Can Cats Drink Milk?

As kittens, cats thrive on their mother’s milk. But as they grow and are weaned from their mother, can cats continue to drink milk? Unfortunately, only some adult cats can drink milk without digestive upsets and other problems.


Kittens derive their daily nutrition from their mother’s milk until they are gradually weaned starting from when they’re about 4 weeks old. By the time kittens are 8-10 weeks old, they should be eating solid foods. After weaning, many cats lose the ability to digest milk. For milk to be digested properly and utilized in the body, there should be enough lactase enzymes to act on lactose which is the sugar that is found in milk. Kittens produce enough quantities of lactase so their bodies can efficiently digest and utilize their mother’s milk. With weaning, lactase production in the body slowly declines as other enzymes are needed to digest solid food. However, some cats retain the ability to produce enough lactase to digest milk sugar for life.


Cats and Milk Myth

It is a myth that milk is an ideal food for cats. Cream in milk is particularly appealing to cats because of its high-fat content. But cats don’t find it easy to digest milk.


Is Milk Healthy for Cats?


Milk can be healthy for cats. However, not all types of milk are good for cats. Cow’s milk, for one, isn’t healthy for most cats, especially when it’s used as a substitute for a balanced meal. It’s always been said that milk is a complete food, however, the nutrients that are present in milk are inadequate to support the nutritional needs of cats on a daily basis. In other words, cats don’t benefit anything nutritionally from milk that they don’t gain from eating a complete and balanced premium quality cat food.


Whole or skim cow’s milk contains considerable amounts of fat that can increase a cat’s risk of having an upset stomach and unhealthy gain in weight. Goat milk, on the other hand, contains less lactose and is also easily digestible compared to cow's milk. It also contains prebiotics and probiotics that are great at supplementing your pet's health! An important symptom of lactose intolerance in cats is loose stool. So when you see your kitty having loose stool after consuming milk or milk products, stop giving it immediately.


Is it Safe for Cats to Drink Milk?

Normal cat nutrition, especially in those that have been weaned, does not include milk, thus their digestive system is unable to efficiently digest milk.


If your cat drinks milk regularly without getting any digestive upsets, adjustments should be made to their solid food diet to prevent excessive calorie consumption. Milk can actually be fattening, so moderation is the key.


When a cat that’s lactose-intolerant drinks milk, lactose remains undigested. As it passes through the intestinal tract, it attracts water. Microbial flora in the color act on the undigested sugars in milk in a process called ‘fermentation’ which leads to the production of volatile fatty acids (VFAs). These events taking place in the gastrointestinal tract can eventually lead to an upset stomach, gassiness, and diarrhea. Symptoms usually manifest within 8-12 hours after consuming milk.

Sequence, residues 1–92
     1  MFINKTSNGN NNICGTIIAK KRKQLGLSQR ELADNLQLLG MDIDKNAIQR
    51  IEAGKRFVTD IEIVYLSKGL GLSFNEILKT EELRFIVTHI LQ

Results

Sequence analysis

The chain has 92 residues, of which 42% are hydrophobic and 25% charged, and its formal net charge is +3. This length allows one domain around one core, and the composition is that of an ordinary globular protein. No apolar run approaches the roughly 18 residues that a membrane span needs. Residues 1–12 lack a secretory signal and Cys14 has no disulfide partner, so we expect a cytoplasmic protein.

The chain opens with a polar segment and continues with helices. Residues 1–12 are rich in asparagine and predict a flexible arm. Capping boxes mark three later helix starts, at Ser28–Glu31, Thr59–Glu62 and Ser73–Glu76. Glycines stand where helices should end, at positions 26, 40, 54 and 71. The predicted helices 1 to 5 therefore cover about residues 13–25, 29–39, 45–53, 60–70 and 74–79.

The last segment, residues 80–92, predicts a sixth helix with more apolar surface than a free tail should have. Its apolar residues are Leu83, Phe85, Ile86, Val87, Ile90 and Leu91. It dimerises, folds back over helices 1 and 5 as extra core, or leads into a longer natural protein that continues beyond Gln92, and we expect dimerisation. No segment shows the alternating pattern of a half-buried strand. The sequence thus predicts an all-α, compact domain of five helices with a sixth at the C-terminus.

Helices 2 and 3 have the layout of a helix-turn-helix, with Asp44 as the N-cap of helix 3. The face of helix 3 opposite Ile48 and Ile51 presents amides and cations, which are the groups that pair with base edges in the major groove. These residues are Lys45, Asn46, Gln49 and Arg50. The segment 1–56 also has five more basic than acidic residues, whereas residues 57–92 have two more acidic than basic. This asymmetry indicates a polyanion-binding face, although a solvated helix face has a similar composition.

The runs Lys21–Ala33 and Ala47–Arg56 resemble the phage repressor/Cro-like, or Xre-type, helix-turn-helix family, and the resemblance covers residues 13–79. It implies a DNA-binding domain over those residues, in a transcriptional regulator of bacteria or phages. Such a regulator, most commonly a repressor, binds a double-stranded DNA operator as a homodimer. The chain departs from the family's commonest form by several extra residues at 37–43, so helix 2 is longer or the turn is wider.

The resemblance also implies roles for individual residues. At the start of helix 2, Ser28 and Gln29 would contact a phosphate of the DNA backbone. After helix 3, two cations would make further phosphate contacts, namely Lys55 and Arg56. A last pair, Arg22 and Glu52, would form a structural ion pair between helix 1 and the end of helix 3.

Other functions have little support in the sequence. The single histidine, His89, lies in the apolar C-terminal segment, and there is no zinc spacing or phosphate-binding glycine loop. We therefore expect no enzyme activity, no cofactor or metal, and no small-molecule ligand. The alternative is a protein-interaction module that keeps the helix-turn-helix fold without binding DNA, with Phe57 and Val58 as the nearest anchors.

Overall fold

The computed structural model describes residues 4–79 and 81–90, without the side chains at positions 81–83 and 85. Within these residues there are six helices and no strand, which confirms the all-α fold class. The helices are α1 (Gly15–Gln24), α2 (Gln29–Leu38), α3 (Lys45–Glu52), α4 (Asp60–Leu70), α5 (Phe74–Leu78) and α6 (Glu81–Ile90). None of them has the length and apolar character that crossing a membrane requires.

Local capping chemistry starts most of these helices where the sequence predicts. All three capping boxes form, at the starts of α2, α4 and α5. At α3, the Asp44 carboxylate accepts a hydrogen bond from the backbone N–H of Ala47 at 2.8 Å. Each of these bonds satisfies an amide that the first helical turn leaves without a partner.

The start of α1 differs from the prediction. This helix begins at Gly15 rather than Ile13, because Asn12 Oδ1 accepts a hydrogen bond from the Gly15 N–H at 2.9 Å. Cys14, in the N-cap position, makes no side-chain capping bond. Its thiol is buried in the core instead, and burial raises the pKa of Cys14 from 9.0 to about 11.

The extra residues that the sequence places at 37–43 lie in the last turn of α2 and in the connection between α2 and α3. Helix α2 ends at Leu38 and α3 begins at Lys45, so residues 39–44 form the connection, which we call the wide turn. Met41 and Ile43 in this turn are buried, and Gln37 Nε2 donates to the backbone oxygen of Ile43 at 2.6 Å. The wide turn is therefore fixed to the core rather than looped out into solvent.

What if your Cat Loves Milk?

Your best bet would be to give lactose-free milk for cats or goat’s milk. However, always remember to give milk in moderation as it contains calories that can add up to your pet’s daily intake. Cats can easily develop obesity-related health issues.


What Should your Cat be Drinking Instead?

Water. Yes, cats need plenty of water for their health. Water is an important component in many physiological processes in the body and promotes optimal organ function in cats. Unfortunately, cats are known for being poor water drinkers and this can increase their risks for developing kidney problems. While milk contains a considerable amount of water, its other components are not healthy for cats. One way to help your cat’s water intake is to feed canned pet food. This will come in handy if your cat is less keen on drinking enough water each day.


What Milk Can I Give My Cat?

Even if your cat can tolerate milk, always think “small” and “occasionally”. Here are different types of milk and whether they can be given to cats or not.


Type of Milk







Cow’s milk

  • Whole cow’s or cream should be avoided because they have higher fat and sugar content.
  • Organic skim milk with 1% fats can be given.
  • Lactose-free cow’s milk is a safe option. Pet safe milk like COSI or Top Life are great.
  • Stick with raw milk as much as possible because it has been associated with fewer negative effects
  • Condensed milk or evaporated milk should be avoided.


Soy Milk


  • Should be avoided as the digestive system of cats do not have enough enzymes that could metabolize carbohydrates and plant-based proteins.
  • Some cats are allergic to proteins in soy.


Almond Milk


  • Does not contain lactose but almonds can be dangerous to cats because of their high oil and fat content. Consumption may cause vomiting and diarrhea. Some cats may develop pancreatitis after eating almonds.


Coconut Milk


  • Avoid giving cats coconut milk because they contain high amount of fat and oils. Plant proteins in coconut milk cannot be efficiently digested by cats.



Goat’s Milk


  • If your cat is not lactose-intolerant, you can give raw goat’s milk as a small and occasional treat.